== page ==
The issue of Naked Short Selling stocks (NSS) is getting some airtime, thanks to the likes of loony Overstock.com (NASDAQ:OSTK) CEO Patrick Byrne. He’s a crusader for NSS, claiming over and over that the practice almost destroyed his company. The sad truth is that NSS didn’t really do anything to Overstock.com. Byrne and his incompetent staff ruined the company all on their own, without any help from short sellers.
Still, it makes for interesting bedtime reading. I always love a good conspiracy theory.
For example, part of the conspiracy theory deals with the Naked Short Selling article on Wikipedia. You see, according to Byrne, there is some grand conspiracy to hide the “real truth” about NSS, and that conspiracy is played out on Wikipedia where the “truth” isn’t allowed to be added to the article. The truth is that the article was so regularly vandalized, that it’s now protected to prevent further vandalism. That’s not a conspiracy, it’s just how Wikipedia works to protect the integrity of the articles on some level.
Nonetheless, there are those who buy into the hype that naked short selling is a massive problem that is destroying our financial markets. TheCorporateCounsel.net suggests it’s a massive problem, with the proof in the 5,000 complaints the SEC received about naked short selling over a recent 18 month period.
5,000? Sounds serious, doesn’t it? Yes, unless you consider that over that period of time, the SEC recevied a total of 1.38 million complaints, making naked short selling responsible responsible for 0.36% (yes, that’s less than one-half of one percent) of the complaints. Maybe it’s not such a big problem after all?
Oh, that’s right. The grand conspiracy. It is a big deal but there is a massive conspiracy aimed at hiding naked short selling from you.
There is plenty of theory on how naked short selling can hurt companies and the stock market as a whole, and I don’t disagree that it’s illegal and could cause harm. Yet there’s no actual proof that it is even happening on any sort of level that should have us up in arms. The evidence points to some instances of abusive naked short selling, but no company has been destroyed by it. For months, those grounded in reality have asked the NSS cult members to name one company “destroyed” (or even harmed in a measurable way) by NSS and to provide the proof to support that claim. It hasn’t been done because no such company exists.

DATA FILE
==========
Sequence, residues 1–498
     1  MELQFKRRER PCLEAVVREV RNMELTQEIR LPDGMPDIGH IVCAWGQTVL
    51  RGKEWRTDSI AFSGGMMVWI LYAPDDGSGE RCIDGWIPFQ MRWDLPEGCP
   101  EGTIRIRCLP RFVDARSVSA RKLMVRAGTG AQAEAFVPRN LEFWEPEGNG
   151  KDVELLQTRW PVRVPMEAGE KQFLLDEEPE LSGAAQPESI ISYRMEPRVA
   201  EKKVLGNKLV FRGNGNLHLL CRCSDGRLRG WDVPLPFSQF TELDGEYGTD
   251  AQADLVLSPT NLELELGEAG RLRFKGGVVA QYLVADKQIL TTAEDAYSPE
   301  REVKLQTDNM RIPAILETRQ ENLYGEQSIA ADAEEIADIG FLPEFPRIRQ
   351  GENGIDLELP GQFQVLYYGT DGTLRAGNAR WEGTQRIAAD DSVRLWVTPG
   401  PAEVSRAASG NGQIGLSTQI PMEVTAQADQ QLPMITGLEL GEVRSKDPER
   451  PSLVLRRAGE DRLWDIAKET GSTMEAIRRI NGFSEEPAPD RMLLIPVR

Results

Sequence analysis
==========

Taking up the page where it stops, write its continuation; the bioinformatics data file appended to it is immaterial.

All this background is to give you a point of reference for what the SEC is suggesting. The agency is talking tough, but the sad truth is that it doesn’t have the resources or the will to really make a regulatory dent in the fraud at public companies.
Yet the bright idea now floated by the SEC Office of Inspector Genera is to better waste scarce resources on the issue of naked short selling. Gary Weiss brought my attention to the report they issued, which is devoid of any evidence to support the contention that this is a problem of any magnitude.
All the SEC has are less than 300 complaints a month about naked short selling, out of a total of about 80,000 complaints per month. Don’t you think those other 79,700 complaints might actually have some merit and some proof behind them… and therefore deserve the real scrutiny?
It’s also worth pointing out that the complaints the SEC receives are likely mostly from a small group of tinfoil hat wearing conspiracy theorists who have gone on a letter-writing campaign in an attempt to get more attention. Do any of those complaints offer real facts and evidence about naked short selling of a real company? Or are they mostly just broad accusations that NSS is a big problem in need of investigation?
Sounds like a really important issue if 3.6 out of every thousand complaints to the SEC involve naked shorting!
Kind of makes you wonder about the 99.64% of email complainers, genuine victims of investor ripoffs, that don’t have the OIG’s ear. I guess they don’t have highly-paid lobbyists and astroturf organizations, with dishonest names like the “Coalition Against Market Manipulation,” pushing their cause.
Thankfully, the SEC enforcement division isn’t taking the NSS bait and wrote this in response to the OIG report:
Despite its assertions regarding the potential danger of “naked” short selling and the growing interest in the subject, the Report can cite to no bona fide studies or empirical data regarding the practice’s market impact. The Division of Trading and Markets debunks the theory that NSS creates “counterfeit” or “phantom” shares.
But I’m sure the SEC enforcement division is just part of the grand conspiracy to cover up naked short selling, right?